He walked onto the stage and for an uncomfortably long time said nothing as if he were about to have a senior moment or worse. Finally he uttered something about how he wished those of us in the audience could see what he did – a crowd of bright young faces filled with hope and curiosity. Buckminster Fuller was all about the future. On April 18, 1968, he laid out the details of his freshly minted Operating Manual for Spaceship Earth, the keynote address at a plenary session of the 21st Annual Conference on World Affairs at the University of Colorado.
Not yet as famous as he would become, Fuller was already known as a 20th century Jules Verne, an eccentric engineer type with an unusually broad intellect. He seemed to think that conventional wisdom was puerile. For example, when we jump up, we are not really jumping UP since the earth is a sphere. We are actually jumping OUT. People jumping in China are headed in the opposite direction from those of us jumping up here, so jumping out would be a more accurate description. He also seemed disturbed that architects didn’t know how much their buildings weighed, as if this were some sort of architectural vital sign that needed to be monitored regularly. His lecture that evening was a lengthy string of quasi-related notions about how the world worked, enlivened by all kinds of unusual references like these. At the end of the talk, he knitted up everything he had said in a manner that left you pondering these odd ideas wondering if they should be better embedded in the way you viewed the world.
Fuller put his principles into practice designing all kinds of clever things he believed were self-evident solutions to obvious problems. The Dymaxion car is but one example, a three-wheeled vehicle that could turn on a dime, aerodynamically sculpted so that with the addition of wings it might be able to fly. It didn’t quite catch on. Same with the geodesic dome. The idea here was to enclose a space under a surface of minimal area. He worked out a geometric network that resulted in a half-sphere using rods all of which were the same length. Perhaps he should have gone on to design Dymaxion furniture, Dymaxion doors, and so on, because the geodesic dome only garnered interest from a few devoted followers. These designs were the product of sophisticated engineering to be sure, but science alone doesn’t automatically yield the ideal solution – these objects all looked kind of funny.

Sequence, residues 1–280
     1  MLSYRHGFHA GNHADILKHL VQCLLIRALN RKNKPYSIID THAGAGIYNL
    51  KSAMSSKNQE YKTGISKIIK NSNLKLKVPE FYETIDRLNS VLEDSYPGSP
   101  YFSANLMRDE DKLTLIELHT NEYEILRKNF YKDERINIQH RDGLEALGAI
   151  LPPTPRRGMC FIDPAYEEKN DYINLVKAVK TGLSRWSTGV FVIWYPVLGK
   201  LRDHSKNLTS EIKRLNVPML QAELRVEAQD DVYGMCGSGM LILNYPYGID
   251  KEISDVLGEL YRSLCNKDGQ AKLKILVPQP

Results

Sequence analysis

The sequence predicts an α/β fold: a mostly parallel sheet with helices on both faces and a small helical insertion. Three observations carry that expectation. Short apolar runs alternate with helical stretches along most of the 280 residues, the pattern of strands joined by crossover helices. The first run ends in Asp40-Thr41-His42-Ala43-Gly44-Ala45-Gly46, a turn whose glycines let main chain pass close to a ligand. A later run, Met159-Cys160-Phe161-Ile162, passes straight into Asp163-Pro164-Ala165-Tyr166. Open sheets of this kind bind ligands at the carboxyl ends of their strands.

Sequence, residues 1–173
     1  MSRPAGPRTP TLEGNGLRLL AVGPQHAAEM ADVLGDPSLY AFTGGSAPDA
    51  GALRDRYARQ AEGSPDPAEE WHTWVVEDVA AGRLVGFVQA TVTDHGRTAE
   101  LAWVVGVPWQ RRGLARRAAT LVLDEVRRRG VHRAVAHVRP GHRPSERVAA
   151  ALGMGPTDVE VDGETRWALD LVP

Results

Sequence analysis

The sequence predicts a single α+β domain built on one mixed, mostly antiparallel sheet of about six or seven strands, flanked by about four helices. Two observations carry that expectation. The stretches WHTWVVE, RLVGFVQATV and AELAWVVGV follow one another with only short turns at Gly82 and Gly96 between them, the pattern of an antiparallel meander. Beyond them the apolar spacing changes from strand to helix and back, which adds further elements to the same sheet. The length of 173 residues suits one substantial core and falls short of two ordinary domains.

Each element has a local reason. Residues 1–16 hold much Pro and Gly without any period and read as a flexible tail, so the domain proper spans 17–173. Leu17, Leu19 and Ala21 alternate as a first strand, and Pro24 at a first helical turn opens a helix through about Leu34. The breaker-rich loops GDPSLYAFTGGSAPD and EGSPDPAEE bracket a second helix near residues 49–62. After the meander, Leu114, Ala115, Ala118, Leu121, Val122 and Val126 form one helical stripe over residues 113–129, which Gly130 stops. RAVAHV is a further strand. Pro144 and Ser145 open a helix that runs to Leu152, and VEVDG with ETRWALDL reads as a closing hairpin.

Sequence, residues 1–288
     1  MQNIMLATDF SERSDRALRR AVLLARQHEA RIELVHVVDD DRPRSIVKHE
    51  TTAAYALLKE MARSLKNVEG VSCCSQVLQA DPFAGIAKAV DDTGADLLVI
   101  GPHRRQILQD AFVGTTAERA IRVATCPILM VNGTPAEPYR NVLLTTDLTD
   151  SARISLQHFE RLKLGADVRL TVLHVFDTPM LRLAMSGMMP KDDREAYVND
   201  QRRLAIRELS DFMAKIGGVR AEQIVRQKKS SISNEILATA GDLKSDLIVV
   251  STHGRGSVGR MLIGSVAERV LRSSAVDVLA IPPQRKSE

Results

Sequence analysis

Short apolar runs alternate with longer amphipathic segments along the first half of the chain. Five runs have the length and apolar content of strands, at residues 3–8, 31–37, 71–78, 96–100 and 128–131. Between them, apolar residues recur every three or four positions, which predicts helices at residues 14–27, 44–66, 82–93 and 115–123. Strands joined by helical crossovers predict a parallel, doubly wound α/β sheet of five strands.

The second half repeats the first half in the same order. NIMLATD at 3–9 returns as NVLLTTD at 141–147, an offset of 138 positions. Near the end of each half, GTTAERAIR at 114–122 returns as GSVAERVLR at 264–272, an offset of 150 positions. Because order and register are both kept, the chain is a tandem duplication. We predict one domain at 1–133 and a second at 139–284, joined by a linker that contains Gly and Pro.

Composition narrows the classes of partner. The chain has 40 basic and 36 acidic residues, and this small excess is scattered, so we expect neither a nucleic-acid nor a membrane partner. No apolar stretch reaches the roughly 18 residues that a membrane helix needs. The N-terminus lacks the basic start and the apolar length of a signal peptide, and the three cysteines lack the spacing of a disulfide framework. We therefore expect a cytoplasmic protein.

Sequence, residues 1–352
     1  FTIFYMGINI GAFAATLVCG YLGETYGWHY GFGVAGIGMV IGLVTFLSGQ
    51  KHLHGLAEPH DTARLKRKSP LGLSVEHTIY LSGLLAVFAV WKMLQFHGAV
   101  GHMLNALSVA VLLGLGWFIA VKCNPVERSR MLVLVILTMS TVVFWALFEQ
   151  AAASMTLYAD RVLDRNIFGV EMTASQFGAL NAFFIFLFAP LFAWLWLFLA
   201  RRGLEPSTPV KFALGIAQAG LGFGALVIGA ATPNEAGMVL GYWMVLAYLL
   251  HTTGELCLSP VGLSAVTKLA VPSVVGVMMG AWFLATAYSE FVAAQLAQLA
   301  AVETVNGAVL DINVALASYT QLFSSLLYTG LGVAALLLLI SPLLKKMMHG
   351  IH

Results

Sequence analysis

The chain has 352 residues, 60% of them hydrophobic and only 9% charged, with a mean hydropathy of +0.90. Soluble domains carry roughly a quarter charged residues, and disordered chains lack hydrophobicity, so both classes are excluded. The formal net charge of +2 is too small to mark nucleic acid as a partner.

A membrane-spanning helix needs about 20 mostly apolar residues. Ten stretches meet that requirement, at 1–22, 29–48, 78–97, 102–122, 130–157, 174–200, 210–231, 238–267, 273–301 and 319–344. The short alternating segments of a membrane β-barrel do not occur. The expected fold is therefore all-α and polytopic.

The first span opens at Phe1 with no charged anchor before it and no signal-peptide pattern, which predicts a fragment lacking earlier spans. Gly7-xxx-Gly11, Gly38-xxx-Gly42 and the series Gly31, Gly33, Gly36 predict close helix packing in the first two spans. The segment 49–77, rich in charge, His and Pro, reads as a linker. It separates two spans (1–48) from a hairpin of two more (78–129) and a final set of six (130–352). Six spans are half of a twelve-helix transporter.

A decade and a half later, Fuller spoke as Professor Emeritus at the University of Pennsylvania. This address was part of a lecture series under the auspices of the Graduate School of Fine Arts featuring famous architects on the theme of what inspired their work. His talk followed the usual meandering, but attention-riveting pattern, and not once did he mention what inspired his designs. It was about the future, of course. He was excited by the possibility that electronic communication could lead to a true democracy; everyone’s voice could be heard through this exploding medium of instantaneous exchanges of information. He was telling this crowd of architects that the future was all about something other than the static edifices they were creating. Maybe we didn’t quite hear the message because we gave him a standing ovation that night despite his hint that our profession was about to become less relevant, or at least less interesting.
As it turns out, we still jump up, not out, and most buildings are just fine even though we don’t know exactly how much they weigh. Most of Fuller’s designs are now viewed as curiosities, but one idea he expressed that evening really did catch on. That night, he invented the Internet. What he failed to foresee, though, is that the designers of this virtual network call themselves architects.